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I remember the first time I heard my dad use a curse word.

Such a strange way to start this week's column, I know, but bear with me, and I'll explain why.

I remember the occasion quite well because it caught me off guard. It is out of character for my dad, which says a lot about his character in a good way.

When my dad passed away in November of last year, I never felt as though I lost him. Who and how he was molded a lot about who and how I am today. People never take me seriously when I say, looking back, I'm hard-pressed to find a time where I felt my dad was wrong and exhibited behavior that wasn't right. I might have disliked his actions, and how they felt "unfair" to me, but deep down inside, I knew he was right — the strict curfews, etc.

I grew up without a father, but I didn't grow up without a dad. I was adopted at age four and lived with my dad and mom from as early as 18 months when I entered the foster care system. Decades before I became a father, I knew the kind of father I wanted to be — the kind like my dad.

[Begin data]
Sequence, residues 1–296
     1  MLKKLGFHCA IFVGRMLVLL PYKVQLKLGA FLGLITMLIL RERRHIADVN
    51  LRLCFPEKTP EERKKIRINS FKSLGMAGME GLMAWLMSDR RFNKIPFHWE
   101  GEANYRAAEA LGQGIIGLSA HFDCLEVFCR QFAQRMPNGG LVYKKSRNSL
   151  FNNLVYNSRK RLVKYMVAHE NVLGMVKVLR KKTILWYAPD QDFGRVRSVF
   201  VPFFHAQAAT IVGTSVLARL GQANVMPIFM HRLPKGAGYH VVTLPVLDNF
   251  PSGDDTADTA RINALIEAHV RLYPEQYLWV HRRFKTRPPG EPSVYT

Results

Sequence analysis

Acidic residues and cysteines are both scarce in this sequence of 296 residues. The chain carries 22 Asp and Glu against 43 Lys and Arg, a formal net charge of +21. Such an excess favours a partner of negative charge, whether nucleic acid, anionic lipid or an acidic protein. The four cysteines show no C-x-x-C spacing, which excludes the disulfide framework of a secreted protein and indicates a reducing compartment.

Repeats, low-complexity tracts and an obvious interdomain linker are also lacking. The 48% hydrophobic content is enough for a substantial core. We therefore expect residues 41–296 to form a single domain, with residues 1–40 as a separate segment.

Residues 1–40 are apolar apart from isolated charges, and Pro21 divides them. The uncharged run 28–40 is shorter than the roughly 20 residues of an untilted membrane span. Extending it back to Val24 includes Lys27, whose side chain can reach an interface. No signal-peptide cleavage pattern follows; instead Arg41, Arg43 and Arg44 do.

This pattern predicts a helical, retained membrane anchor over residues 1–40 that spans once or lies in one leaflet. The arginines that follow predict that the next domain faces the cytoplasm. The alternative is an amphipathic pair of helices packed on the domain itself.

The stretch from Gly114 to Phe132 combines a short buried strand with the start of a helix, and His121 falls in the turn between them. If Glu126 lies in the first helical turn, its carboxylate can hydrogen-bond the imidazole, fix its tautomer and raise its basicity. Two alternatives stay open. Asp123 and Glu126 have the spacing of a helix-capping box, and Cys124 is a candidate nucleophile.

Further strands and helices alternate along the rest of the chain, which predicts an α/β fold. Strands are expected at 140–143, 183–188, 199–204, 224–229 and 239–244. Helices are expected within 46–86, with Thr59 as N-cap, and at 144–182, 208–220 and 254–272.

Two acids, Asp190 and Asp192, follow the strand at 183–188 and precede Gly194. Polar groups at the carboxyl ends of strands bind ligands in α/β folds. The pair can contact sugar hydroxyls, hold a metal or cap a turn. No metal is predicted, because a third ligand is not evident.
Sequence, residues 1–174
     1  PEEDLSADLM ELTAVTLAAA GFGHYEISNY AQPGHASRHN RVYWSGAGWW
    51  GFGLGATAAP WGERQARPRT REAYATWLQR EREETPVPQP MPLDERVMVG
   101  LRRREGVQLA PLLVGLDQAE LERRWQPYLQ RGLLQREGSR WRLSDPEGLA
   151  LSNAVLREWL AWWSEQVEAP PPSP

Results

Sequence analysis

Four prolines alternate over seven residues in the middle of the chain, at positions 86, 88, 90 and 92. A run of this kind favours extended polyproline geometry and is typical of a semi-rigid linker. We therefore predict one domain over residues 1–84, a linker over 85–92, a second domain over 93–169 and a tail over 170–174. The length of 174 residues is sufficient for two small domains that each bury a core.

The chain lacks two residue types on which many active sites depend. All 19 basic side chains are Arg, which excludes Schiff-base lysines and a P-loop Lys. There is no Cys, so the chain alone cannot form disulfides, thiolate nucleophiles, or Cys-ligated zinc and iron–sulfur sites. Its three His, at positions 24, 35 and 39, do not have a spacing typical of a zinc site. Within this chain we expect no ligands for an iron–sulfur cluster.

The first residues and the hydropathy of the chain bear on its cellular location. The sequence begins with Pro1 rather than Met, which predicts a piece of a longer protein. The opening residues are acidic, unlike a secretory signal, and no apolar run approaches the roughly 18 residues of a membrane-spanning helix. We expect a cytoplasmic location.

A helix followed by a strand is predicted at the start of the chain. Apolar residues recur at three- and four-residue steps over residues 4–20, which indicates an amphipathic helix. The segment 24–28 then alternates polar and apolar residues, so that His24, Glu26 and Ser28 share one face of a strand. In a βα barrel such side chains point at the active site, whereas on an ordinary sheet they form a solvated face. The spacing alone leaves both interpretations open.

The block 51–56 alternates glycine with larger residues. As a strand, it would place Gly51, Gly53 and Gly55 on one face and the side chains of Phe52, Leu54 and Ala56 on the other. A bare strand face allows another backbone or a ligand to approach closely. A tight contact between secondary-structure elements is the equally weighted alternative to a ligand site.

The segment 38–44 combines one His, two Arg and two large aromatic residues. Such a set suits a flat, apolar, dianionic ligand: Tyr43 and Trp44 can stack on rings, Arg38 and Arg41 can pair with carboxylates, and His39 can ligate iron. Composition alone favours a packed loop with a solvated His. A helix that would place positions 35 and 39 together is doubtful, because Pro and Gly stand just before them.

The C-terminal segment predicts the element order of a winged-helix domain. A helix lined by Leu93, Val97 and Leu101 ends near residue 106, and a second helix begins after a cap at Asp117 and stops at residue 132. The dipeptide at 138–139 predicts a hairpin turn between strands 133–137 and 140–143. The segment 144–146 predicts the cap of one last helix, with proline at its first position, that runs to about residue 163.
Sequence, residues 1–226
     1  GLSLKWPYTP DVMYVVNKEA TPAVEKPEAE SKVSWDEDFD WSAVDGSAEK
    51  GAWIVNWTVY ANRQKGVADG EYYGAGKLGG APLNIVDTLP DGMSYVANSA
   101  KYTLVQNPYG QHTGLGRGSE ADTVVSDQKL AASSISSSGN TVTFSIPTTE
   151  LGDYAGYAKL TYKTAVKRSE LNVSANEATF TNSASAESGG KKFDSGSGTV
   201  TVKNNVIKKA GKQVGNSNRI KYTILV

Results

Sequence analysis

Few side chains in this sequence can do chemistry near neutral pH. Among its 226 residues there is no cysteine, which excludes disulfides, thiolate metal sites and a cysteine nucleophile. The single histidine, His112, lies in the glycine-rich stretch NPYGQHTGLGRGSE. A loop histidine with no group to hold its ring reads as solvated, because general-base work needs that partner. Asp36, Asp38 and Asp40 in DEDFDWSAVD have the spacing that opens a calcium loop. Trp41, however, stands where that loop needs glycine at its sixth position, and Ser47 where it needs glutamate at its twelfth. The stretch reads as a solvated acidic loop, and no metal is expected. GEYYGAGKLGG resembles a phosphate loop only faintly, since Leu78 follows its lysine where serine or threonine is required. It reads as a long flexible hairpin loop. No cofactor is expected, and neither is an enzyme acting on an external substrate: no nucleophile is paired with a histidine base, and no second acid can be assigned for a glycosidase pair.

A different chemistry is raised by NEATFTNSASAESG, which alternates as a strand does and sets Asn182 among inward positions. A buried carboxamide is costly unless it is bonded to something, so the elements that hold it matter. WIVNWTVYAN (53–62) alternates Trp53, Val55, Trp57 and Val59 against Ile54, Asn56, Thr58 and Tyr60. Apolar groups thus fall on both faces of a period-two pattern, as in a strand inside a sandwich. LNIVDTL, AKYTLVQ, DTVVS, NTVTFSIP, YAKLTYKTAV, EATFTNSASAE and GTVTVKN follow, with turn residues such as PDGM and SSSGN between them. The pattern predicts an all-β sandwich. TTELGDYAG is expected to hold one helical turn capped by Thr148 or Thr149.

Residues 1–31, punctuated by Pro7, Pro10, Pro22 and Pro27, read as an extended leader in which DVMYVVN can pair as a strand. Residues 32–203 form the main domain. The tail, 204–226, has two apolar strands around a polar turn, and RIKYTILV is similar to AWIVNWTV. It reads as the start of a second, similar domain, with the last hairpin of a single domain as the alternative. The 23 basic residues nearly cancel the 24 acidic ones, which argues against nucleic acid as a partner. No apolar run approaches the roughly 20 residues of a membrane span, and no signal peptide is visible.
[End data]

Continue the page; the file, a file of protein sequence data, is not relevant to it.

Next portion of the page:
I say all of that to talk about America's pressing issue today, the lack of fathers being men. The major problems facing America today — the lawlessness, the lack of respect for authority, etc. stem from a lack of fathers being men.

According to the last census, 17.4 million children live in fatherless homes. Society reflects that. I understand that’s a hard pill to swallow, but someone has to address it in the open and do so with compassion.

I saw a tweet recently that bothered me, and I must admit, made me a little angry. It was a tweet by the United Nations of all accounts. It read this: “The #COVID19 pandemic is demonstrating what we all know: millennia of patriarchy have resulted in a male-dominated world with male-dominated culture, which damages everyone.”

Of course, and rightly so, it received what the social media world calls a "ratio," in which the replies far outweigh the likes. The tweet received over 22.7k replies to just 3k likes.

God created the family in a way that benefits all humanity (male and female) and made the father as the key to success, not to make women less but to set authority into place. The book of Ephesians uses the patriarchy to reflect the relationship between Christ and His church. Paul calls it a "mystery" now revealed.

Does it make sense now as to why we see today's chaos and the relationship between the lack of fathers being real men?

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